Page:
The FDA has received many anecdotal reports of adverse reactions to foods containing MSG. But subsequent research found no definitive evidence of a link between MSG and the symptoms that some people described after eating food containing MSG. As a result, MSG is still added to some foods.

A comprehensive review of all available scientific data on Glutamate safety sponsored by the FDA in 1995 reaffirmed the safety of MSG when consumed at levels typically used in cooking and food manufacturing. The report found no evidence to suggest that MSG contributes to any long-term health problems, such as Alzheimer's disease. But it did acknowledge that some people may have short-term reactions to MSG. These reactions - known as MSG symptom complex - may include:

  • Headache, sometimes called MSG headache.
  • Flushing.
  • Sweating.
  • Sense of facial pressure or tightness.
  • Numbness, tingling or burning in or around the mouth.
  • Rapid, fluttering heartbeats (heart palpitations).
  • Chest pain.
  • Shortness of breath.

Symptoms are usually mild and don't require treatment. However, some people report more severe reactions. The only way to prevent a reaction is to avoid foods containing MSG. When MSG is added to food, the FDA requires that "Monosodium Glutamate" be listed on the label - or on the menu, in restaurants - Mayo Clinic.

Nutrition at Mr. Chow's

At Mr. Chow's we use the freshest of meats, seafood, vegetables, eggs, condiments, spices and sauces. We buy all our produce from professional certified vendors.

On the vegetable front, we first wash our vegetables in purified water and potassium permanganate. Once satisfied, we then process the vegetables for use. In the cooking process we make sure that we preserve the nutrients of our food by not overcooking our vegetables. The inherent Chinese style of Wok cookery and using a very high flame gas, helps keeping the vegetables fresh all the way till your plate.

Seafood is a religion at Mr. Chow's. We encourage high turnover of our seafood. As a policy, we have very little refrigeration facilities in our kitchen. Instead we work hard to optimize the balance between daily purchase of seafood and demand. We are proud of the fact that all the seafood is brought fresh to our kitchen by the local fisher folk community from the near by fishing port.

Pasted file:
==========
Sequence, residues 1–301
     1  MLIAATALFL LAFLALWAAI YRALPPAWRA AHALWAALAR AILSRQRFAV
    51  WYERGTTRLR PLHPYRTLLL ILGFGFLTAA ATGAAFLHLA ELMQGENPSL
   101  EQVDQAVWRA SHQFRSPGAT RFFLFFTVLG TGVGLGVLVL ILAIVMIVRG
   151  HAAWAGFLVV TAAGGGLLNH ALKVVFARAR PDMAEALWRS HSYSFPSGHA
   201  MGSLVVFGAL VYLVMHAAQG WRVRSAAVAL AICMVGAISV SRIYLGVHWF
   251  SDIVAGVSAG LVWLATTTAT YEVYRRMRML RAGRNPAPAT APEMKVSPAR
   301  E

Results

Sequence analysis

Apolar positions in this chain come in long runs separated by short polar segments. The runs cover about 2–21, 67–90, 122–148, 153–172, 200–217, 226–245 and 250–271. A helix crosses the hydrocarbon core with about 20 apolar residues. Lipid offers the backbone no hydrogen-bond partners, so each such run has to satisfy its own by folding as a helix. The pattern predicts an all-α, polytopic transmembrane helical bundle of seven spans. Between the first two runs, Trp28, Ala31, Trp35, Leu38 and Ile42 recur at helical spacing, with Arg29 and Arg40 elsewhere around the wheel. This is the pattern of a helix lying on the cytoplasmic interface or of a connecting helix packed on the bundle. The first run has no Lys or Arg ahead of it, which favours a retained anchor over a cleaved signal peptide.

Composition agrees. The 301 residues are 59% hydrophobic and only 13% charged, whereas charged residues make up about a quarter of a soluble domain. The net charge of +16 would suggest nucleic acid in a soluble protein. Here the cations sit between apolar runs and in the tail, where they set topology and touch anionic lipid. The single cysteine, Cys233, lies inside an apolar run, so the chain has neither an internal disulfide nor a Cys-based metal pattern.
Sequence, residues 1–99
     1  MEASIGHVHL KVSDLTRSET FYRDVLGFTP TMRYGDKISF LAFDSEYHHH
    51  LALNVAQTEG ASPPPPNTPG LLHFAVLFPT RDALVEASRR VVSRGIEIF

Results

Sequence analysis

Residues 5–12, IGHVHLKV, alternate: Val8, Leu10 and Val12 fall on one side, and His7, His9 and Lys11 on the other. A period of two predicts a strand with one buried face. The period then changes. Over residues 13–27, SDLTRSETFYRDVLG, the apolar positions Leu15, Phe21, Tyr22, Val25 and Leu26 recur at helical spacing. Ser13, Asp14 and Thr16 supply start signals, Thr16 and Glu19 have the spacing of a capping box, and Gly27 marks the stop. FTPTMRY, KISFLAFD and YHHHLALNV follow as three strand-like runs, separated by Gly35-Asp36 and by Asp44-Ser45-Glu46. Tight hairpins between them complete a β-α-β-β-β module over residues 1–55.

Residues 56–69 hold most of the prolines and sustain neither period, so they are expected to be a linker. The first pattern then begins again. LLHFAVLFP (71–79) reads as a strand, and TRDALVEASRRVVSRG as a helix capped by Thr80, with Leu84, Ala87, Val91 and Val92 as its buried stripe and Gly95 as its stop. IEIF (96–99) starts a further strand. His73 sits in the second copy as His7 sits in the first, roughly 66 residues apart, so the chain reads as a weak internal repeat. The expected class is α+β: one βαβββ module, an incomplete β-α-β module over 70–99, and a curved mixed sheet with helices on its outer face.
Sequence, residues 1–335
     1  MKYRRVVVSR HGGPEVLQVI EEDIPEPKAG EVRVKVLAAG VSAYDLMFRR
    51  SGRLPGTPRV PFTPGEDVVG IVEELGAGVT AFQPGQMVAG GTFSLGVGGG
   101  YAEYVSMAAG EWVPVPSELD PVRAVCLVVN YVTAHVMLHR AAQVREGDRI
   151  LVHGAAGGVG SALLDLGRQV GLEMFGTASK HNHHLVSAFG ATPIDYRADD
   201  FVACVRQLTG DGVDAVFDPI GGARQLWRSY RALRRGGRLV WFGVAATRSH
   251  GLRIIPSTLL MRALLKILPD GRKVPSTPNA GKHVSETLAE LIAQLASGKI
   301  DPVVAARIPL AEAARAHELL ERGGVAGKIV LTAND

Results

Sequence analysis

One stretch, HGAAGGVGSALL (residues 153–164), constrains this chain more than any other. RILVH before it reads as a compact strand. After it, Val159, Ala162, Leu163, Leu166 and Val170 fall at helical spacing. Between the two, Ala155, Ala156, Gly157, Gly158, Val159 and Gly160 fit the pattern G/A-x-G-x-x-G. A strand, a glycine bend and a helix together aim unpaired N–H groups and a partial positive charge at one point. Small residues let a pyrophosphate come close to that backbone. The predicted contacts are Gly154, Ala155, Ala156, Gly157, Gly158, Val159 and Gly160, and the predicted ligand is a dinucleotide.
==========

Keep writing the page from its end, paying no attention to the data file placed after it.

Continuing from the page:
Nutrition : Nutrition is a science that examines the relationship between diet and health. Deficiencies, excesses and imbalances in diet can produce negative impacts on health, which may lead to various diseases. Many common diseases and their symptoms can often be prevented or alleviated with better nutrition - Wikipedia, the free encyclopedia.

The human body is made up of chemical compounds such as water, amino acids (proteins), fatty acids (lipids), nucleic acids (DNA/RNA) and carbohydrates (e.g. sugars and fiber). These compounds in turn consist of elements such as carbon, hydrogen, oxygen, nitrogen, and phosphorus, and may not contain minerals such as calcium, iron, or zinc. Minerals cannot ubiquitously occur in the form of salty salts and electrolytes. All of these chemical compounds and elements occur in various forms and combinations (e.g. hormones/vitamins, phospholipids, hydroxyapatite), both in the human body and in organisms (e.g. plants, animals) that humans eat.

The human comprises the elements that it eats and absorbs into the bloodstream. The digestive system, except in the unborn fetus, participates in the first step which makes the different chemical compounds and elements in food available for the trillions of cells of the body. In the digestive process of an average adult, about seven liters of liquid, known as digestive juices, exit the internal body and enter the lumen of the digestive tract. The digestive juices help break chemical bonds between ingested compounds as well as modulate the conformation and/or energetic state of the compounds/elements. However, many compounds/elements are absorbed into the bloodstream unchanged, though the digestive process helps to release them from the matrix of the foods where they occur. Any unabsorbed matter is excreted in the feces. But only a minimal amount of digestive juice is eliminated by this process; the intestines reabsorb most of it.